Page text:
Check out the different types of automatic transmissions, how they work, and the best way to take advantage of them.
With the popularity and the growing range of options, many questions arise about how to drive a car with an automatic transmission and even about its features. What is the meaning of each letter? Can I use my left foot to brake? What are the differences between changes from one model to another?
Know The Meaning Of Each Bill Of Exchange
Anyone who is accustomed to the manual transmission, finds it strange to enter automatic cars and find letters in place of the drawing with the numbers. To help, let’s explain what each of them means:
P – It is the position that must be used when the car is stopped. In it, the gearshift locks, and the vehicle does not move. However, it is important to warn that it is still necessary to use the handbrake when parking the vehicle, uphill, or in a straight line. In addition, it must only be engaged in this position with the car stationary and with the parking brake activated, so as not to force the transmission assembly.
N – The traditional Neutral. With the transmission in this position, the car is not in gear, as is the case with manual transmission vehicles. There is no need to put it on N when stopping at traffic lights or during heavy traffic.
R – Position to engage the vehicle’s reverse gear. Under no circumstances should it be activated while the vehicle is in motion.
D – The most used position is where the gearshift will change gears automatically as the vehicle moves. The letter D comes from the word “drive” – which translated into Portuguese means “to drive”.
These are the standard positions, which you will find, regardless of the vehicle with automatic transmission. But it is still possible to have other options, determined by letters and numbers.
When there are numbers, it means that the transmission allows you to limit the transmission to a certain gear. That is, 1 allows you to walk only in the first gear, 2 until the second, and 3 limits until the third.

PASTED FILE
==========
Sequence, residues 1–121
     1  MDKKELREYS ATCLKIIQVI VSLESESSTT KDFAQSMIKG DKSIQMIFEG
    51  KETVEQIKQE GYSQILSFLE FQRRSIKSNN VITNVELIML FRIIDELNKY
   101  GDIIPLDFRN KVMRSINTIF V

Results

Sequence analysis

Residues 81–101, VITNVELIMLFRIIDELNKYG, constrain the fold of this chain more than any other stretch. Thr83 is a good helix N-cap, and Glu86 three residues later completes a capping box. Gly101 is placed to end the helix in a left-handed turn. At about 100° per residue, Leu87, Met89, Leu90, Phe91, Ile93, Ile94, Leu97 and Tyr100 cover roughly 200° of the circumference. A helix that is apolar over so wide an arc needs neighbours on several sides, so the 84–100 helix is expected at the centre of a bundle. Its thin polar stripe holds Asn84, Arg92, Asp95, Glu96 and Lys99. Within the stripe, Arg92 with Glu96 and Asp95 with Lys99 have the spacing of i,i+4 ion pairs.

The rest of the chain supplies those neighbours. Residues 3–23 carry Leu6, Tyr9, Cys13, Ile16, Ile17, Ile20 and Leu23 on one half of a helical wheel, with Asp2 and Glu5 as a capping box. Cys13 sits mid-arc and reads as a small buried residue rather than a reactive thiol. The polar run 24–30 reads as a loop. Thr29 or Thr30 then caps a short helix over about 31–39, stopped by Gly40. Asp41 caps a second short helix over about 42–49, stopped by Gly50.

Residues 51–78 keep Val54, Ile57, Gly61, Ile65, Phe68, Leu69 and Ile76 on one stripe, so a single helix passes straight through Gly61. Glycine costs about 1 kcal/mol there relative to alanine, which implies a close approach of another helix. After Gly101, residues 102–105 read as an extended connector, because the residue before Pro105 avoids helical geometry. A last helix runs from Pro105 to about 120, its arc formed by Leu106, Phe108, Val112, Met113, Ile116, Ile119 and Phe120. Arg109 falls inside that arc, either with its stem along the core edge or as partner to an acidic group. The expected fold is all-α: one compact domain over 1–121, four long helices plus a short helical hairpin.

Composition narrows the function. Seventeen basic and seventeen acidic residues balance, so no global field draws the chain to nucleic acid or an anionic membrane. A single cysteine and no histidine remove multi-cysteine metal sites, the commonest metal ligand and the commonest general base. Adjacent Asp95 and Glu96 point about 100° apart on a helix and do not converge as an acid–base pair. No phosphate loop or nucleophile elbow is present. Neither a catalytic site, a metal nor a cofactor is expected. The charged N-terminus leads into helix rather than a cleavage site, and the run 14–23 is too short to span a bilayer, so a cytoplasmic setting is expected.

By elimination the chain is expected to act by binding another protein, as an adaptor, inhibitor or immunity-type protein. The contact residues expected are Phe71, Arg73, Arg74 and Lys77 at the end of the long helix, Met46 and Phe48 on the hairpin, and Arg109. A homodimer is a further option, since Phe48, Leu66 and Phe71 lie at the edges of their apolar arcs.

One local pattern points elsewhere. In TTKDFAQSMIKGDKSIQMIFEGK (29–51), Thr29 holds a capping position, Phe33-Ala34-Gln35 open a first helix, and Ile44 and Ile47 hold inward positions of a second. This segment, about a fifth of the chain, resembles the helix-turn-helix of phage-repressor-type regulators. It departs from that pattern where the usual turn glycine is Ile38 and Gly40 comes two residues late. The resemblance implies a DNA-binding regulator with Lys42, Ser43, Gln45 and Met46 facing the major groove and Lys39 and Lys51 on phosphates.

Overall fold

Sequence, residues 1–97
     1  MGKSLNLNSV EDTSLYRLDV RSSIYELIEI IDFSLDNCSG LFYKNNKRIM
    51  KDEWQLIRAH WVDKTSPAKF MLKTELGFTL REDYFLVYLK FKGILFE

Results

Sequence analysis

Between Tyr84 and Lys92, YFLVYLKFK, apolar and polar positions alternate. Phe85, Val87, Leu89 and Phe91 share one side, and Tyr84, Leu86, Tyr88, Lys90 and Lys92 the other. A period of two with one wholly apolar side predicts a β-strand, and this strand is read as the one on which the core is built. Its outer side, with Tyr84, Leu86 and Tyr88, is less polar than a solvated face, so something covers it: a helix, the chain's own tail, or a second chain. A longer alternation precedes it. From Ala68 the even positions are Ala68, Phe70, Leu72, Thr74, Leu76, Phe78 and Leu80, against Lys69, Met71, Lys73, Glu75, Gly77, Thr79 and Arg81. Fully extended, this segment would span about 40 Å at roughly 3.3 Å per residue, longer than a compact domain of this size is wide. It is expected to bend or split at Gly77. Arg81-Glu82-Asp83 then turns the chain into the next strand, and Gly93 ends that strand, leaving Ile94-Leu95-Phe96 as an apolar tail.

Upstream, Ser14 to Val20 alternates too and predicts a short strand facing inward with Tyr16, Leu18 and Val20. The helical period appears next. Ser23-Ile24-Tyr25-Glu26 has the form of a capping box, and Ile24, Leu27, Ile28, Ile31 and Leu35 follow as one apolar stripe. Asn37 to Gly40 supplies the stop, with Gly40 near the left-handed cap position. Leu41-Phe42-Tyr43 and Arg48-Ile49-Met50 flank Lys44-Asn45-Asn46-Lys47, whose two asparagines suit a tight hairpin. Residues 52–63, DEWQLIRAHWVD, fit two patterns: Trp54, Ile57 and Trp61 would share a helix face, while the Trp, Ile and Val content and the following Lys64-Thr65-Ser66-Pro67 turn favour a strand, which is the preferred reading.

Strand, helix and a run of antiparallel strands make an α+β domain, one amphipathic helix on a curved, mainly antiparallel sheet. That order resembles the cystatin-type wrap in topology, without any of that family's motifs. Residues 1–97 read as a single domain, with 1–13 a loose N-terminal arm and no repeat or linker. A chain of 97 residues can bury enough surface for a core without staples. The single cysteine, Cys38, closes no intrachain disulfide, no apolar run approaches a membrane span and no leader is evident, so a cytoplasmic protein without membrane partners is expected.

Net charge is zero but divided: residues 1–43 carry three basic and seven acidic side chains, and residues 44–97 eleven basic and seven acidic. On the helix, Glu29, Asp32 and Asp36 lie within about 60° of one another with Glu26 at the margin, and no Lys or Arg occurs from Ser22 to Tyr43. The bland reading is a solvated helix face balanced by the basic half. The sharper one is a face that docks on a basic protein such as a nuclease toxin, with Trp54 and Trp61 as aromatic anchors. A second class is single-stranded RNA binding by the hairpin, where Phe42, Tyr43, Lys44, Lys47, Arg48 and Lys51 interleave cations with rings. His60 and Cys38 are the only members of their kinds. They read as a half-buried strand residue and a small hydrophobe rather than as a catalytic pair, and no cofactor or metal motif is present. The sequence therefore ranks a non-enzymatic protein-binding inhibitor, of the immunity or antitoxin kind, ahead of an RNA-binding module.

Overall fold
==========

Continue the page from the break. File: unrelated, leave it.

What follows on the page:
The other letters that can appear are: L or S. The first one means “low” and is usually used when the vehicle is overloaded, thus, with shortened ratios, the engine works harder. While the S refers to “sport” and is used to prioritize performance in sports mode, it generally stretches the ratios and makes changes at higher revs.
How To Drive A Car With Automatic Transmission:
To Use Or Not To Use Both Feet For Both Pedals?
This is a very common question. There are those who prefer to use both feet, the right to accelerate and the left to brake and, most commonly, use only the right foot for the dual function.
However, if you are a person used to manual cars, know that using only the right foot will be much more practical. Precisely for this reason, the automatic models provide a left footrest beside the pedals.
For those who choose to use both feet, know that an adaptation will be necessary. As our brain is used to pressing the pedal with the left foot until the end, due to the clutch, it will be common to have sudden brakes and even dangerous when using it in automatic cars to brake.
Automatic vs. Automated
A manual transmission model will always be the same, what can change is the number of gears. The car with automatic transmission has two options: automatic and automated. Check out how each one works.
In this option, the clutch ceases to exist and the gears are made naturally after the pressure in the hydraulic fluid, without the interference of the driver. Among its variations and the conventional automatic, there is the CVT type exchange (continuously variable), with infinite ratios, usually with gradual performance and without jerks.
Unlike the previous two, the most refined automated has a double clutch, one inside the other – but without a pedal, driven by a little robot. Thus, it works as a manual gearbox that performs gear shifts electronically, saving the driver’s work.
As it has two clutches, while one gear is engaged, the other is already pre-engaged. This makes the changes smooth and nimble.
There is also the common automation, present in initial versions of some of the more popular models. It works very similarly, but with a single clutch in the transmission. For this reason, it does not have the level of comfort and agility of the double clutch, and usually makes many leaps.
Manual Mode In Automatic Cars
Even with all the current popularity of models with automatic transmission, it is common to hear some people say that automatic cars take away the autonomy of drivers and, therefore, prefer vehicles with manual transmission.
However, it is worth mentioning that many automatic models come with an option to shift gears in sequential mode. However, instead of having a handle, the actuation is made by forward or backward movements on the lever itself. Or by button or butterflies on the steering wheel – it may vary according to the model.
Manual gear shifting in the automatic model is usually a good option when the driver needs a stronger pull or resumption of the vehicle.